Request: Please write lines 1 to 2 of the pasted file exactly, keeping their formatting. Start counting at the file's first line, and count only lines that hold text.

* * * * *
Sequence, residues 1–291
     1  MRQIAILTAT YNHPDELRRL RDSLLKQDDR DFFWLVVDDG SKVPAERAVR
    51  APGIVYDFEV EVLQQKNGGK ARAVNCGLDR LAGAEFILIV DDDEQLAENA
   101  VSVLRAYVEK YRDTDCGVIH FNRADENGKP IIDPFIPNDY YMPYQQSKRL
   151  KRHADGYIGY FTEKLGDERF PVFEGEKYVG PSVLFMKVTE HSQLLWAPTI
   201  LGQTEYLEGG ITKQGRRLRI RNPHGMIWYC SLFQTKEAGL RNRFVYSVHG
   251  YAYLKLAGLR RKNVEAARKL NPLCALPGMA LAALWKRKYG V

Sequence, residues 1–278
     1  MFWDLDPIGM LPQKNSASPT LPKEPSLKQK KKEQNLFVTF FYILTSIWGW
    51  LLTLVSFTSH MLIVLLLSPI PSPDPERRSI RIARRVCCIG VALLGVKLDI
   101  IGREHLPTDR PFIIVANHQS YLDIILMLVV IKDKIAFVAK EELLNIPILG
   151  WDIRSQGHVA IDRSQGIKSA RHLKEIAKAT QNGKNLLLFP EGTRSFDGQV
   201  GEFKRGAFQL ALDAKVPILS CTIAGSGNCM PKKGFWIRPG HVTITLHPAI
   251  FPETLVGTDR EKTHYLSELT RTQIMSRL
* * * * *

Sequence, residues 1–291
     1  MRQIAILTAT YNHPDELRRL RDSLLKQDDR DFFWLVVDDG SKVPAERAVR